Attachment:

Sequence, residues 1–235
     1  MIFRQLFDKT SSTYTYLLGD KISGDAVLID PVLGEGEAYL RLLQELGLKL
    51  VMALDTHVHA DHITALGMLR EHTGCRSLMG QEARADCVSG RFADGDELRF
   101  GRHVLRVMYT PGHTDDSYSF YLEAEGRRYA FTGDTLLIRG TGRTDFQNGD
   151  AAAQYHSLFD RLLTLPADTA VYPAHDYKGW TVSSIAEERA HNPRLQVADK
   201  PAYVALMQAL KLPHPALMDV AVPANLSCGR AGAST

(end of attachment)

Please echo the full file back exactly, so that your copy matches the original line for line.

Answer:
Sequence, residues 1–235
     1  MIFRQLFDKT SSTYTYLLGD KISGDAVLID PVLGEGEAYL RLLQELGLKL
    51  VMALDTHVHA DHITALGMLR EHTGCRSLMG QEARADCVSG RFADGDELRF
   101  GRHVLRVMYT PGHTDDSYSF YLEAEGRRYA FTGDTLLIRG TGRTDFQNGD
   151  AAAQYHSLFD RLLTLPADTA VYPAHDYKGW TVSSIAEERA HNPRLQVADK
   201  PAYVALMQAL KLPHPALMDV AVPANLSCGR AGAST